Since you’re already in manual mode, now’s the time to set your lens’s aperture to the widest possible value (AKA the maximum aperture). This is just whatever f-stop is written in the name of the lens. For example, with the Canon, Sony, or Nikon 50mm f/1.8, the maximum aperture is f/1.8.
Basically, in low light, you should use that aperture by default! Most photographers will shoot at an aperture of f/1.8 in low light if their lens has an f/1.8 maximum aperture.
However, not all lenses have a very good maximum aperture. In fact, most consumer zoom lenses are considered “slow” lenses because their maximum aperture does not let in a lot of light. It’s much better to use a “fast” lens for low-light photography.
Fast lenses have a maximum aperture of f/2.8, f/2.0, f/1.8, f/1.4, f/1.2, and sometimes even wider! Meanwhile, slow lenses have a maximum aperture of f/3.5, f/4, f/5.6, f/6.3, and sometimes even narrower. (Certain zoom lenses will change their maximum aperture as you zoom in, like the old Nikon 24-85mm f/2.8-4 or the Canon 18-55mm f/3.5-5.6 kit lens. Even then, it’s best to use the fastest possible aperture in low light.)
The good news is that fast lenses don’t have to be expensive. Most camera systems have amazing and affordable fast-aperture lenses that will make low-light photography easier. The only tradeoff is that they usually have fixed focal lengths and are not zoom lenses. For example, here are some inexpensive fast lenses for each major camera system:
- Canon RF: Canon RF 50mm f/1.8 STM
- Sony E: Sony FE 50mm f/1.8
- Nikon Z: Nikon Z 40mm f/2
- Fuji X: Fujifilm XF 35mm f/2 R
- Micro Four Thirds: Panasonic Lumix G 25mm f/1.7
- Canon EF: Canon 50mm f/1.8 STM
- Nikon F: Nikon 50mm f/1.8G
- Pentax: Pentax DA 50mm f/1.8
Notice the abundance of f/1.8 and f/2 written in the lens names? That’s what you want to see! Those are nice and fast lenses.
The wider the maximum aperture, the faster the lens is considered to be. Some specialty and exotic prime lenses can go all the way to f/0.95! But if you want a good balance for how expensive the lens is, you’ll usually find that f/2 or f/1.8 is a happy medium.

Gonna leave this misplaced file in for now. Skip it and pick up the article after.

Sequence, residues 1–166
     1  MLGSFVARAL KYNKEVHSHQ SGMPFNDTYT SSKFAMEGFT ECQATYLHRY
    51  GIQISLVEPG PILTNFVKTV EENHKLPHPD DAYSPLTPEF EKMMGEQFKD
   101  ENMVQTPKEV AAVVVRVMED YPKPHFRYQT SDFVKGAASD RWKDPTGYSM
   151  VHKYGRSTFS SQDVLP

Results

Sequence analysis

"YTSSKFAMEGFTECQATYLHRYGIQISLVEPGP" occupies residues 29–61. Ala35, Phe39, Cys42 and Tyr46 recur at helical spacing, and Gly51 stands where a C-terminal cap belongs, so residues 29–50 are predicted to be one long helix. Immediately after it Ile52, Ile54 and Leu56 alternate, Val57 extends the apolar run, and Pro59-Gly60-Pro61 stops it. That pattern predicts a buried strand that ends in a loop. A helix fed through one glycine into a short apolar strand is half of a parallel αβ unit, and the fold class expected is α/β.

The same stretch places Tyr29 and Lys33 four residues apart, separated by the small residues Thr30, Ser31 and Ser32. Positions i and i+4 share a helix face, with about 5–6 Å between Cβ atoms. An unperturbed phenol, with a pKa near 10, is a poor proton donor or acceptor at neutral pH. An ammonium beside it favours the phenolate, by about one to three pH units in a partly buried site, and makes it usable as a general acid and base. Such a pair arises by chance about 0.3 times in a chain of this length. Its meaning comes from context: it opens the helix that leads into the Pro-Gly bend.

Camera Settings #3: At This Point, Use Auto ISO
So far, you’ve set a shutter speed that will give you sharp photos (nice)! You’ve also set the widest aperture of your lens, something like f/1.8, to maximize how much light you capture (double nice)! Now what?
Raising your ISO is a lot like brightening a photo in Photoshop. Basically, if you go too far, you’ll start to see extensive grain and discolored pixels called noise. However, modern cameras are so good that you need to be at some extreme ISO values (usually involving very low light) before this is a big problem. Modern cameras are good up to about ISO 6400, and high-end full-frame mirrorless cameras can shoot at ISO 12,800 with decent image quality.
You could set your camera’s ISO manually like you did for shutter speed and aperture. However, to make your life easier, it is usually best to use Auto ISO in low light, at least if you’re taking pictures handheld.
In Auto ISO, the camera will judge how dark the scene is, then raise or lower the ISO accordingly. Even in the dimmest light, the camera will simply boost ISO to the point that your photo looks bright. Maybe this will be ISO 1600, ISO 3200, ISO 6400, or even higher.
Again, this isn’t without a tradeoff. Lower ISO values like 100 or 200 have the best image quality if you can use them. But in low light, you usually won’t have that luxury. Your photos could turn out pitch black unless you raise the ISO.
The good news is that if your ISO climbs too high, at least you can do noise reduction in post-processing software and fix a lot of this grain/noise.
Use Image Stabilization
Does your lens or camera have image stabilization? (It’s also known as “IBIS” in cameras, or “Vibration Reduction,” “Vibration Compensation,” and “Optical Image Stabilization” in lenses.)
If no, that’s too bad, because it truly does work! Modern image stabilization technologies from different camera companies are rated at six, seven, or even eight full EVs (exposure values) of compensation. This is a huge help when shooting hand-held.